After the night before’s threenager-induced terrible-fest, we abandoned all plans of getting to the 10am papal Mass in St. Peter’s Square super early.
The sister at the orientation at NAC said 7am was the best bet to get good seats. Sitting for three hours in the hot sun with the kids with nowhere to go sounded horrible anyway, so we thought that maybe we could baby-no-line our way in with no expectations of seats when we walked over around 9:00. We joined a crowd waiting to get into another crowd who was waiting to go through the security. Our apartment is one block from the Vatican walls on the south side and we found the crowd there at the exit of the Terminal Gianicolo exit somewhat reasonable for a major feast day Mass.
We shamelessly went up to the first barricade to ask the police officer if we could go through. He explained that the crowd was bigger on the other side and that it would be better for the kids if we waited a bit there first. When they started letting people through, they let us through first, scolding others for jostling me, the mother with the bambino. Their utter earnestness about the baby between puffs on their vapes (yes, really) tickled me. I love the baby-appreciation society of Italian men.
We joined a very sweaty crowd moving imperceptibly forward to the metal detectors. I tried to just let the experience happen to me, but being jostled on all sides, wearing the baby, dealing with no cultural expectation of line etiquette, and feeling the sweat accumulate under my Vatican-appropriate outfit is the stuff of my highly sensitive person nightmares. I was surviving though and it was neat listening to all the different languages and the French charismatics singing to pass the time. The charismatic renewal crowd was boisterous and joyful and from everywhere. I loved the African women’s expertly tailored dresses made of screen-printed fabric with the jubilee’s logo. A French woman admired Therese and we discovered we could speak to each other in Spanish after my French familiarity proved next to nil. As we approached the checkpoint, an Argentine woman with whom I had been chatting decided to help us get through with the kids around the people pushing past. She held the diaper bag and announced the “bebe” and got us through when it seemed hopeless.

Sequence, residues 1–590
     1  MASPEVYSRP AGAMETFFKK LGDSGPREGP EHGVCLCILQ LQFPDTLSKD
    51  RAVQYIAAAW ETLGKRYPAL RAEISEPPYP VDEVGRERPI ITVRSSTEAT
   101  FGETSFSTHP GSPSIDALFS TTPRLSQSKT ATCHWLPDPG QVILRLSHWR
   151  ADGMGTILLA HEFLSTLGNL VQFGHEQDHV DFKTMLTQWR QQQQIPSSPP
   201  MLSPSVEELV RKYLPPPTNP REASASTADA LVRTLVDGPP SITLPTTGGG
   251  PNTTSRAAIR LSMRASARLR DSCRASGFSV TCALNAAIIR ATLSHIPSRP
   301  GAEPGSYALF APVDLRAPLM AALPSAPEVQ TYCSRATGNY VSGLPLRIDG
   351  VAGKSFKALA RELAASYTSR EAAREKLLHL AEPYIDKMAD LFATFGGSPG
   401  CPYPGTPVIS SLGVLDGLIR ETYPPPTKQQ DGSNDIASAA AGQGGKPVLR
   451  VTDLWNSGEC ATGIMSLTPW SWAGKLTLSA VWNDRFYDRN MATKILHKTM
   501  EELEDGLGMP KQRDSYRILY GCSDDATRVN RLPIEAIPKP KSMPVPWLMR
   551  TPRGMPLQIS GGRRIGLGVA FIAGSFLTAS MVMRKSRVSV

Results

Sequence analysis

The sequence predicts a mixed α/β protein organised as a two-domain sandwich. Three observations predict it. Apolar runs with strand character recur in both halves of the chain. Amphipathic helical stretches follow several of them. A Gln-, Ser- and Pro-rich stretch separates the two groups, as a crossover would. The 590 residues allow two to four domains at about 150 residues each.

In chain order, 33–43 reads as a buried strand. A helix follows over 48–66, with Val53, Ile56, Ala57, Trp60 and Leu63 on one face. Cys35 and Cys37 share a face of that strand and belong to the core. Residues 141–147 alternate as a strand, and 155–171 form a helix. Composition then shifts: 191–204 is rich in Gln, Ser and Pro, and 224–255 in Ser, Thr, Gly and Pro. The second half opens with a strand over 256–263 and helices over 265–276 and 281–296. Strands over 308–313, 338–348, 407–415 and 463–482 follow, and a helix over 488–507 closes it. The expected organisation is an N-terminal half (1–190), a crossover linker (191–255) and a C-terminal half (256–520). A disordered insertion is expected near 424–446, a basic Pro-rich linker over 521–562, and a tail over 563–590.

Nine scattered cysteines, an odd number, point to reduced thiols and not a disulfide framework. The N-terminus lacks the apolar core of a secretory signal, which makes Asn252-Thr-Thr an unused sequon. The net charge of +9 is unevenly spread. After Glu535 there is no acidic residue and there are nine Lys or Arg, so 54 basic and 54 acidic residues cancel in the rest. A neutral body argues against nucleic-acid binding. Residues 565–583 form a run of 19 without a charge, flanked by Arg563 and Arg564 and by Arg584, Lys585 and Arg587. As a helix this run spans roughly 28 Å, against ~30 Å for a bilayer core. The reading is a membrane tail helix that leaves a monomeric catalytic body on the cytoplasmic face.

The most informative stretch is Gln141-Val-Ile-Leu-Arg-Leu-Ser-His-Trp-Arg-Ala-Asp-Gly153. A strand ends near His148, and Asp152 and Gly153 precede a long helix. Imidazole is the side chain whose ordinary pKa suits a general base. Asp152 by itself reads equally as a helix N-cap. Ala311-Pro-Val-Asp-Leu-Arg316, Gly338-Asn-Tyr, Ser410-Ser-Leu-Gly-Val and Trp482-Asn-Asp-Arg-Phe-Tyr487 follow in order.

Finally, we were in the Square. After the crush of people, it seemed almost empty even though of course it wasn’t. The Mass started on Italian time at 10:20, just after we made it in. We couldn’t see very well. Pope Francis was a prominent speck on the stage, but we were close to a jumbotron. The Mass is mostly in Italian with some Latin responses. My favorite part was the Alleluia. It was a tune I had heard and sung so many times before at Mass at home, but this time people from all across the world sang it together. “Alleluia” does not change much between languages. It was an image of the first Pentecost. From the readings today at Mass:
Now there were devout Jews from every nation under heaven staying in Jerusalem.
At this sound, they gathered in a large crowd,
but they were confused
because each one heard them speaking in his own language.
They were astounded, and in amazement they asked,
“Are not all these people who are speaking Galileans?
Then how does each of us hear them in his native language?
We are Parthians, Medes, and Elamites,
inhabitants of Mesopotamia, Judea and Cappadocia,
Pontus and Asia, Phrygia and Pamphylia,
Egypt and the districts of Libya near Cyrene,
as well as travelers from Rome,
both Jews and converts to Judaism, Cretans and Arabs,
yet we hear them speaking in our own tongues
of the mighty acts of God.”
We wanted to try to stay by the barrier because we knew Francis would drive by in his Popemobile at the end of Mass and we had aspirations for a baby kiss, but by the end of the Liturgy of the Word, everyone was falling apart. We were in dead sun and despite a Ukrainian family’s best efforts at keeping us under their umbrella and giving Christopher a bandana with the charismatic renewal anniversary logo on it, we were melting. We decided during the homily to find a shady spot around the perimeter.
We sat among pilgrims from Malaysia and Ghana. During the passing of the peace, we gave each other peace in our native language, but understood each other. Another mighty act of God. Every tribe, tongue, and nation there to worship God and receive the Lord. I was so impressed by the Ghanaian reverence for the Eucharist. Where else would I have encountered it outside of Ghana?